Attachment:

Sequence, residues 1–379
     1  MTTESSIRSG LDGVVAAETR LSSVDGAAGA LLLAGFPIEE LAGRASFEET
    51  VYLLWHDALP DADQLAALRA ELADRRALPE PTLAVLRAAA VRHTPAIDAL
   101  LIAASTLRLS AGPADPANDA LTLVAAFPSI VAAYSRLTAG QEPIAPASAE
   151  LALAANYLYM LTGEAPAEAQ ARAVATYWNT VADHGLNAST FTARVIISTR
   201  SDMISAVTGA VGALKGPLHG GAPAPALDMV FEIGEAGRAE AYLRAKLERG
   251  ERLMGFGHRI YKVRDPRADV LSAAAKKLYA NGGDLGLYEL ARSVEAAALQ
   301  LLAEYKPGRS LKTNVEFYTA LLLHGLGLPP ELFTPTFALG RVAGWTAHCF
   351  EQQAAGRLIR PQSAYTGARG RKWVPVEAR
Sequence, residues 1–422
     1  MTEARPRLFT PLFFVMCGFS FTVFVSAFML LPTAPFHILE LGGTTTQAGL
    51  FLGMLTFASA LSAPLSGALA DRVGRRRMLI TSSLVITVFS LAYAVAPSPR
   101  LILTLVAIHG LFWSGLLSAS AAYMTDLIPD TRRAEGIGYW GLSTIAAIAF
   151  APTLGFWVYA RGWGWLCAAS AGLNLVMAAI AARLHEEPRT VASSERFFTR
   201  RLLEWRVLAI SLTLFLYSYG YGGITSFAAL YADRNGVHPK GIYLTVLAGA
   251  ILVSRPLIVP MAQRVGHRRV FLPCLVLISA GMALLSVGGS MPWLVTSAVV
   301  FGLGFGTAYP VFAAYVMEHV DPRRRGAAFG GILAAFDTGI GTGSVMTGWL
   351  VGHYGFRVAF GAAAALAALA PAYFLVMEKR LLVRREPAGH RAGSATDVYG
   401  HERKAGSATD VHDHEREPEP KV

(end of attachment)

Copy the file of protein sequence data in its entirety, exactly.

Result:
Sequence, residues 1–379
     1  MTTESSIRSG LDGVVAAETR LSSVDGAAGA LLLAGFPIEE LAGRASFEET
    51  VYLLWHDALP DADQLAALRA ELADRRALPE PTLAVLRAAA VRHTPAIDAL
   101  LIAASTLRLS AGPADPANDA LTLVAAFPSI VAAYSRLTAG QEPIAPASAE
   151  LALAANYLYM LTGEAPAEAQ ARAVATYWNT VADHGLNAST FTARVIISTR
   201  SDMISAVTGA VGALKGPLHG GAPAPALDMV FEIGEAGRAE AYLRAKLERG
   251  ERLMGFGHRI YKVRDPRADV LSAAAKKLYA NGGDLGLYEL ARSVEAAALQ
   301  LLAEYKPGRS LKTNVEFYTA LLLHGLGLPP ELFTPTFALG RVAGWTAHCF
   351  EQQAAGRLIR PQSAYTGARG RKWVPVEAR
Sequence, residues 1–422
     1  MTEARPRLFT PLFFVMCGFS FTVFVSAFML LPTAPFHILE LGGTTTQAGL
    51  FLGMLTFASA LSAPLSGALA DRVGRRRMLI TSSLVITVFS LAYAVAPSPR
   101  LILTLVAIHG LFWSGLLSAS AAYMTDLIPD TRRAEGIGYW GLSTIAAIAF
   151  APTLGFWVYA RGWGWLCAAS AGLNLVMAAI AARLHEEPRT VASSERFFTR
   201  RLLEWRVLAI SLTLFLYSYG YGGITSFAAL YADRNGVHPK GIYLTVLAGA
   251  ILVSRPLIVP MAQRVGHRRV FLPCLVLISA GMALLSVGGS MPWLVTSAVV
   301  FGLGFGTAYP VFAAYVMEHV DPRRRGAAFG GILAAFDTGI GTGSVMTGWL
   351  VGHYGFRVAF GAAAALAALA PAYFLVMEKR LLVRREPAGH RAGSATDVYG
   401  HERKAGSATD VHDHEREPEP KV